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Monday, December 30, 2013

Another batch of the good stuff brewing for Thursday/Friday ?

By the time most of you will be reading this, the few inches of glop Sunday night will have turned to a somewhat windblown layer of powder. Temperatures will turn very cold so hopefully the snow consistency is good enough to be considered a powder day for those of you that venture on the mountain. The focus now has to shift very quickly to the New Years day period and another rapidly evolving weather situation in the days that follow New Years. It is amazing how fluid the weather forecasting has been this year and we should expect that to continue. It has been somewhat easier to predict temperatures relative to normal in a general sense but day-to-day weather specifics has been a challenge outside of the 5 day window. Forces the SCWB to earn its money with more frequent updates I suppose.

This will be a very cold 6-day period as has been discussed previously. Temperatures through the upcoming weekend will struggle to get above 20 at any point and we will have several mornings at or below -10 and at least 2 days with wind chills well below zero. We had hoped to get some new snow out of this very bone chilling ordeal and its looking more and more likely that this will indeed be the case. The first snow will come New Years eve from an upper air impulse that will produce some terrain enhanced snow. Snow accumulations from this will be on the order of a few inches and unlike the glob, will be a very fluffy variety. If we are lucky, we will get a somewhat powdery New Years Day.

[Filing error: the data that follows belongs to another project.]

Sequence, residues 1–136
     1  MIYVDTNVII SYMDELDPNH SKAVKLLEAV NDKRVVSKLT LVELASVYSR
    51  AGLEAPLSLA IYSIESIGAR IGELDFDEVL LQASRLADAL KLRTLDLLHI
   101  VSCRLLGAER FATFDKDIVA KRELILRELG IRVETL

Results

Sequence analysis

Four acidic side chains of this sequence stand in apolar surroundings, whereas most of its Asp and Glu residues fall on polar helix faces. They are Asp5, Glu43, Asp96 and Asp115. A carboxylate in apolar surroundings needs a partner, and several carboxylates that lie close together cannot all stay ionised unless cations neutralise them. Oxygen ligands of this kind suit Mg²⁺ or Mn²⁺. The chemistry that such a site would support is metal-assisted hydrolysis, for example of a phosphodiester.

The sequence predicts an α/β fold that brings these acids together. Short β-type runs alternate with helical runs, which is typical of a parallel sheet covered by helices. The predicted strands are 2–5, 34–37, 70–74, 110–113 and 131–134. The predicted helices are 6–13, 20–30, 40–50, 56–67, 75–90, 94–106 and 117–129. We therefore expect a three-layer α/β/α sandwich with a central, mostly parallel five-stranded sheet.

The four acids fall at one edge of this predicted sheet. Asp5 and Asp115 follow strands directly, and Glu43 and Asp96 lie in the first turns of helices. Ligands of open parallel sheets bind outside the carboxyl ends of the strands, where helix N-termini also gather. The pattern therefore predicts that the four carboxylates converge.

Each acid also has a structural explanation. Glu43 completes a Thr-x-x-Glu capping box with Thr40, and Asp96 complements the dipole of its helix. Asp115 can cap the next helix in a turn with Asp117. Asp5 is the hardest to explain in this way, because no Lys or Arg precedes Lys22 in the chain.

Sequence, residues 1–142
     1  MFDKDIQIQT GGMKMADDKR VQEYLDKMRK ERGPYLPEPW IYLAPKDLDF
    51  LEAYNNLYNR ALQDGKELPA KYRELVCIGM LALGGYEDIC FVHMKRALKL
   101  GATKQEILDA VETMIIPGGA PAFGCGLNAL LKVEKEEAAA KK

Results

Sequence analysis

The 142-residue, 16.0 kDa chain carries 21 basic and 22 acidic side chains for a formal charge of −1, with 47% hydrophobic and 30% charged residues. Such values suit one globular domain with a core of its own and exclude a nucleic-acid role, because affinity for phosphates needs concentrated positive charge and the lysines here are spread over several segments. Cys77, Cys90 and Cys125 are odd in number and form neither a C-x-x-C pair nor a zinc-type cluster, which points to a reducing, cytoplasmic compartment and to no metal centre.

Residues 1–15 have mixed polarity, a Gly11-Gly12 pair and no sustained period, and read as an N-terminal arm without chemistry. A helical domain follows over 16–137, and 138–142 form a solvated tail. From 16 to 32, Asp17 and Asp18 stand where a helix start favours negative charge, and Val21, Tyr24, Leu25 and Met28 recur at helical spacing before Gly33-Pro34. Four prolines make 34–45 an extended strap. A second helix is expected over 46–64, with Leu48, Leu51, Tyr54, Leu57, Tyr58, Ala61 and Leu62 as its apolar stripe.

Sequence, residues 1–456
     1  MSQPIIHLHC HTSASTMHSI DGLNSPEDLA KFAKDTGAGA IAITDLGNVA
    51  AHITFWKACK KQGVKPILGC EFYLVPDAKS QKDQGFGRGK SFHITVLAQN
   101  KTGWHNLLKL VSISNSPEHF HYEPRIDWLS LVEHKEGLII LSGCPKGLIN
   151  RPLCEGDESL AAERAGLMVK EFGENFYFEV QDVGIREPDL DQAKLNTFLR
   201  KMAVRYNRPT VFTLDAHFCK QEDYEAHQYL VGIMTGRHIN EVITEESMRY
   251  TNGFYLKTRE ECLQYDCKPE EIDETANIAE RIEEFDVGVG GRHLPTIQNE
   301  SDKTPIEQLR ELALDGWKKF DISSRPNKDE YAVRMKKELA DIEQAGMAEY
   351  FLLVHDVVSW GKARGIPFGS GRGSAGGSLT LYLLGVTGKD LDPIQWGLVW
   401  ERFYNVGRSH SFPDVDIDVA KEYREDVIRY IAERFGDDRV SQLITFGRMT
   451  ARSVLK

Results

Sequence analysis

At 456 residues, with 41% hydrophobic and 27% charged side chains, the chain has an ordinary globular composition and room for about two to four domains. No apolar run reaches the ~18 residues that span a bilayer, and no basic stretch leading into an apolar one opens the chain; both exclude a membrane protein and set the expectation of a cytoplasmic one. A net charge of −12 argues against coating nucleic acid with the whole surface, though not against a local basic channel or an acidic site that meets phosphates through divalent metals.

The "BC Bomber" that has entered the equation in this very evolving weather picture arrives Thursday Jan 2. This system has been discussed but its potential before now has been somewhat underrated. Pretty much all of the major medium computer models are now on board that the system will gather some limited amounts of Gulf moisture, deepen and then strengthen rapidly off the Atlantic Coast. Models disagree with the intensity of strengthening and the track and it is this question which should now be the prevailing debating point as to how much powder actually falls Jan 2/3 at MRG. The European model is the dream scenario because it is suggesting an all out explosion south of Cape Cod and a 1-2 footer for much of Vermont. The Canadian and GFS suggest a more modest deepening with this system, a flatter system overall and confine much of the heaviest snowfall totals to coastal sections. The final answer might have to wait until New Years Day to be answered but we should at least look forward to some modest powder Thursday into Friday. Timing of course will have to be fine tuned in the next few days.

There is some additional fine tuning that is required on what appears to be shaping up to be a volatile week beginning Sunday January 5. There are some potential trouble spots, some more potentially bone chilling arctic air and maybe even some additional powder. A bit of the "all of the above" which was my favorite multiple choice answer on those old high school exams but perhaps not so much when it comes to winter weather.


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